Hi-lo there, meet Simone!

One of the bonus things about being one of the judges for the sewing contests for Indie Pattern Month is that if I’m two hours late in posting my creation for one of the themes, it doesn’t matter! Woo hoo!

(Just as well, as I didn’t quite get this done before the time line. Oops!)

I’ve been thinking about making up a Victory pattern for a while. In fact, I now own three of them. So the New To Me week theme seemed like the perfect time to break one out and give it a go. 🙂

Since my wardrobe options are somewhat limited at the moment, I chose to start with the Simone – a dress or top, which is fitted in the bodice and gently flares from there down. Meaning, there’s also room for the growing bump! Win!

Simone from Victory Patterns

Now, this isn’t my usual style at all – I’m usually all about fitted waists and high-low hems have never been on my things-I-like list. But hey, what with limited choices for things that fit me at the moment, I decided to take a chance on a pattern I wouldn’t normally look at for myself.

And you know what? I actually really like it! The high-low hem is fun to wear, and floats out when you walk. And the fitted bodice means that the flare further down is nicely balanced. (Or at least I’m kinda assuming it does, since it’s a little bit hard to tell on me at the moment!) The racer back works well with that too, making this style far from frumpy.

The pattern came together nice and easily – it looks far harder to make than it actually is. The way the bib front and the tab on it are constructed means you get super clean edges and crisp corners, with no difficulty at all (aside from turning the tab the right way in, so I’d recommend not using a particularly thick fabric for that part!).

However, I did have a few fitting issues. For some reason, this pattern has half an inch of negative ease in the bust. In a woven. Heck knows how that’s meant to work. I decided to give it a go as stated on the pattern anyway, just to see how it worked out. Um, yeah. This is one very fitted bodice! I ended up inserting wedges into the side seams to add extra width, and even then it’s too tight and I can’t wear it with the hook-and-eye at the neckline done up or it pulls very strangely. Heck, there’s still pull lines on it even without the hook and eye done up, it’s that tight on me. I’m even going to try making up the Simone again as well, only next time, I’m gonna go up two sizes from what I’d normally cut, as even with the added width in the bodice this one is too tight. sigh But I shall not let this pattern defeat me! I shall prevail!!!!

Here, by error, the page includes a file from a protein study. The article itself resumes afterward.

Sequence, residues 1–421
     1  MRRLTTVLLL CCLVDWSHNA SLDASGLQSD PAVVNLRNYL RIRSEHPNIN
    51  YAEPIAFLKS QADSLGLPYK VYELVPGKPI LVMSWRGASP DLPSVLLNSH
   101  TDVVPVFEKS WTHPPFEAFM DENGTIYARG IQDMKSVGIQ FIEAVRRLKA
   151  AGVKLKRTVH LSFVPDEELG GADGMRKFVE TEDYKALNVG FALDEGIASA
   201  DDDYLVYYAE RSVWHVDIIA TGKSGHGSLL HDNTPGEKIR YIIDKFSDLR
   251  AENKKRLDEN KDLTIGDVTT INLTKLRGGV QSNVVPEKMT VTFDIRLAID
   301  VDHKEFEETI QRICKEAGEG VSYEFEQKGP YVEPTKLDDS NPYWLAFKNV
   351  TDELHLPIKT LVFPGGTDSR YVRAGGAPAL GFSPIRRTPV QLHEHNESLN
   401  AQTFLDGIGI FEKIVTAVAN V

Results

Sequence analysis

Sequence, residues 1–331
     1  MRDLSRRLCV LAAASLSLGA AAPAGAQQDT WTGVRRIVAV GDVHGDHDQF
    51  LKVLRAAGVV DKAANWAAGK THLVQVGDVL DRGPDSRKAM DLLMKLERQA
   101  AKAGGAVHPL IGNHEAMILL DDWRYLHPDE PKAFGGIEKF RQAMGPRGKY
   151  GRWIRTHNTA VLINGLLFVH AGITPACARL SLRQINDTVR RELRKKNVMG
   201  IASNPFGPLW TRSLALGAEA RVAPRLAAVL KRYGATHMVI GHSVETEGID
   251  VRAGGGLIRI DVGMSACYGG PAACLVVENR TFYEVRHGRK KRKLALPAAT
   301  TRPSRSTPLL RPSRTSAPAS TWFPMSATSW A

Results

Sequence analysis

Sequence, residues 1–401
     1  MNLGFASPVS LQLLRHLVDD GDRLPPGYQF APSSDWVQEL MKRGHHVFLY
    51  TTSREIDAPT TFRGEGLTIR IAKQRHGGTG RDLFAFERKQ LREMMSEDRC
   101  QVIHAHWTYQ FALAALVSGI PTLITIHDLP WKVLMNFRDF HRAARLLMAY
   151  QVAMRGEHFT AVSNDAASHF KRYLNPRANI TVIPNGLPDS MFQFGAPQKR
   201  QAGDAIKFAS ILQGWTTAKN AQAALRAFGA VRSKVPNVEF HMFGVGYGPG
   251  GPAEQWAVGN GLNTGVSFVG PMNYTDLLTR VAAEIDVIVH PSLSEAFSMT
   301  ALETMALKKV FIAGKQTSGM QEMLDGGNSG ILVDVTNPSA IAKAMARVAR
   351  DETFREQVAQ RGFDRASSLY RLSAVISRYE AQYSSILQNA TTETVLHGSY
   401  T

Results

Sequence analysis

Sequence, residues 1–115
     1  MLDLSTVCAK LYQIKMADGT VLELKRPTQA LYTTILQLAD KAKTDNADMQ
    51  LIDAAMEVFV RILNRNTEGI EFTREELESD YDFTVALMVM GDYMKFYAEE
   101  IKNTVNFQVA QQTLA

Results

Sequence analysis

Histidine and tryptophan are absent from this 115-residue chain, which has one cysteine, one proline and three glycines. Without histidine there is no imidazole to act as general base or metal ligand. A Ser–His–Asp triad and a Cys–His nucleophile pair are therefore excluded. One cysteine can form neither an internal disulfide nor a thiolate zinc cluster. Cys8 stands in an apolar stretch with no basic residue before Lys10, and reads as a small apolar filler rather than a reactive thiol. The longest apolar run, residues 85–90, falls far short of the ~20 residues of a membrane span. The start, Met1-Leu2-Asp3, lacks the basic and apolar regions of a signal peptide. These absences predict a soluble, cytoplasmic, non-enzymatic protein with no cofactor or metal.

Wedge inserts highlighted in yellow

The instructions also annoyed me somewhat. At first glance, they look great – a nice, thick book, with plenty of diagrams and even a glossary for people who come across unfamiliar terms. Great! However, I found them crazy annoying. The key for what was the right side and what was the wrong side of the fabric kept changing. (Right side has no shading. No wait, now it’s dark grey. Nope, no shading again. Argh!) Some instructions were just plain missing (such as it never telling you to stitch down the pointy end of the tab, without which it’s just gonna flap around oddly). And there were quite a few spelling mistakes and errors too. Gah. (Admittedly I am quite picky about all of that stuff – a bit of a side-effect of my day job!)

If it wasn’t for the frustrating instructions, I’d say this pattern would be fine for a confident beginner. But sadly with the instructions as they are, it’s probably more suited to an intermediate level sewist.

Overall though, I really like the style. I love that Victory patterns are completely different from all the others out there, and I have more on my list that I want to make. And even though this first Simone of mine doesn’t fit as well as I would like it to, I’m still gonna wear it, as it fits over a bump quite nicely. 😉

(There are some more images and a bit more of a description on changes I made to make it fit over here on my blog.)